February 8, 2009 | Leave a Comment
Buies Creek, N.C. -- The life of a low profile barrister takes an intriguing turn when he volunteers for intelligence operations with the Army Air Corps during World War II. In his presentation at the Campbell Government and History Department's Luncheon Learn session on Wed., Feb. 4, Dr. Rorin Platt explained how then future Supreme Court Justice Lewis F. Powell became a "Barrister in Cloak," or intelligence spy, for the Allied forces and played a major role in obtaining the German's "Ultra Secret Code" for the Allies. Platt is a professor of history at Campbell.
Platt's section on Powell is part of a comprehensive study of Virginians who served America's World War II intelligence services titled "Cavalier in Cloak: Virginians in the Secret War, 1941-1945."
Lewis F. Powell rose from First Lieutenant to full colonel in just two years in the Army Air Corps during the Second World War. He spent 33 months overseas in the European and North African Theaters as a combat and staff intelligence officer. In 1944, he became a Special Branch Ultra officer involved in breaking the highest level German codes. Powell and his British colleagues successfully broke the code which saved thousands of lives. After the war, Powell returned to his law career. He was appointed to the U.S. Supreme Court in 1971.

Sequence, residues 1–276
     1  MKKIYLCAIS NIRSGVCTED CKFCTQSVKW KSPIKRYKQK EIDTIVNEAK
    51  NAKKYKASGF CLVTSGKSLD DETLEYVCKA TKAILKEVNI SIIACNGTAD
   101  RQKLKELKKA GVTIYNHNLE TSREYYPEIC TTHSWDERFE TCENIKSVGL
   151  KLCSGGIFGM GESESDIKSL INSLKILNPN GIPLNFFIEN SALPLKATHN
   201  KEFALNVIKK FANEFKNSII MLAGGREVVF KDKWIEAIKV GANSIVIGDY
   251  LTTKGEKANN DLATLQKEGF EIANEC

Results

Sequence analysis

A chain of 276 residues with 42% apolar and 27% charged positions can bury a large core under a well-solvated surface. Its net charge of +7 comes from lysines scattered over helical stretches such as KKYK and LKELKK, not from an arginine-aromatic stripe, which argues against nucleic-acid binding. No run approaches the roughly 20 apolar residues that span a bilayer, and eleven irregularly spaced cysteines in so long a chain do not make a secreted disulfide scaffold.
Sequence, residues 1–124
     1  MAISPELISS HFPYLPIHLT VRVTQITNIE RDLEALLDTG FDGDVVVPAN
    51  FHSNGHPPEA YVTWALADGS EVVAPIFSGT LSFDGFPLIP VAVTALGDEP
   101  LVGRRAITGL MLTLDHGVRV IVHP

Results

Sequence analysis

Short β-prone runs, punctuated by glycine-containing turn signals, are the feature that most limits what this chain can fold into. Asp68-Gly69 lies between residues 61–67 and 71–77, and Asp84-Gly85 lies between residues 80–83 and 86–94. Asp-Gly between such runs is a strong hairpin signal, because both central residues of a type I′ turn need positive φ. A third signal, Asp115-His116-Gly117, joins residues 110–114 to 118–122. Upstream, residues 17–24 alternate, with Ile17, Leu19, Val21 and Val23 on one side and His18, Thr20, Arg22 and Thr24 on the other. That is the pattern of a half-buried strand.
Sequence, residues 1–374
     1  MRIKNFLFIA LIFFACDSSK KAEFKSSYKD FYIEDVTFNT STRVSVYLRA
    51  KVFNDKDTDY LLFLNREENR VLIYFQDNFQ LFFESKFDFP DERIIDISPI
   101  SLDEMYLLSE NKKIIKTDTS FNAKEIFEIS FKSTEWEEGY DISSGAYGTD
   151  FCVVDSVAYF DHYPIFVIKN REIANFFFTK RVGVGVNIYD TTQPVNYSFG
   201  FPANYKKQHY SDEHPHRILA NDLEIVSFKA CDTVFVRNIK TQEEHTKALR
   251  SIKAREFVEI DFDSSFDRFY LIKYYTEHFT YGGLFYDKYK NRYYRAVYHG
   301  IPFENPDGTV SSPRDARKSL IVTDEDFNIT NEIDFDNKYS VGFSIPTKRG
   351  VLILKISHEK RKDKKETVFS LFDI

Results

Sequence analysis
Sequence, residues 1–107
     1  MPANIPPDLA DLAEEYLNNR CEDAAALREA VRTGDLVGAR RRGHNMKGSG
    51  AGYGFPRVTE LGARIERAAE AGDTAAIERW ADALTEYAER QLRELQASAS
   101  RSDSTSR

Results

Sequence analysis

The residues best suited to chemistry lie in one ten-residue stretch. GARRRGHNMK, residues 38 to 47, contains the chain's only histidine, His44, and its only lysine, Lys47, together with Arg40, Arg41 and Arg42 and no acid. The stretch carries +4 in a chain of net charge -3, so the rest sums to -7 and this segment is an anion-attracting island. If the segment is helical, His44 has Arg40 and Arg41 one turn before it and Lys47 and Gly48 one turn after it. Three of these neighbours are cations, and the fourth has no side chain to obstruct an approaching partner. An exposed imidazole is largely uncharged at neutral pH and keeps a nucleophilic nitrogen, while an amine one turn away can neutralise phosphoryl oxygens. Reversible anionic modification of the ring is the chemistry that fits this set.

"Powell is a wonderful example of a code of conduct that was embedded in Virginia's culture since before the Civil War, said Platt. "He volunteered for service when he didn't have to. He felt duty-bound to serve his country and was willing to risk his life to do so."
A native of Virginia, Platt received a Bachelor of Arts from the University of North Carolina at Chapel Hill and a master's degree from the University of North Carolina at Greensboro. He earned a Ph.D. at the University of Maryland at College Park. He has also studied at Georgetown University and at the University of Virginia and taught at a number of institutions.
A diplomatic historian who specializes in American intelligence history, Platt has authored two books and a number of articles and book reviews, including the book "Virginia in Foreign Affairs, 1933-1941."
Platt has served as a book review editor for "American Diplomacy," the on-line journal based at the University of North Carolina at Chapel Hill from 1999-2006, served on the board of directors for American Diplomacy Publishers since 2000, and in 2007, was named to the editorial board of Brill Publishing's book series, "History of International Relations, Diplomacy and Intelligence."
Platt has been a consultant for the College Board in both AP European and American history since 1992 and has served in a number of extracurricular capacities, including assisting with the Campbell Chapter of Phi Alpha Theta, Luncheon Learn and the George C. Marshall Undergraduate Scholar's program which he inaugurated in 2002. Platt is a member of the Society for Historians of American Foreign Relations.
Fri, 21 Nov 2014
Wed, 19 Nov 2014
Mon, 17 Nov 2014
Tue, 11 Nov 2014
We invite you to leave a comment if you want to discuss this article. Please note any posted comment will be viewable by the public. If you notice any errors please email Haven Hottel at firstname.lastname@example.org.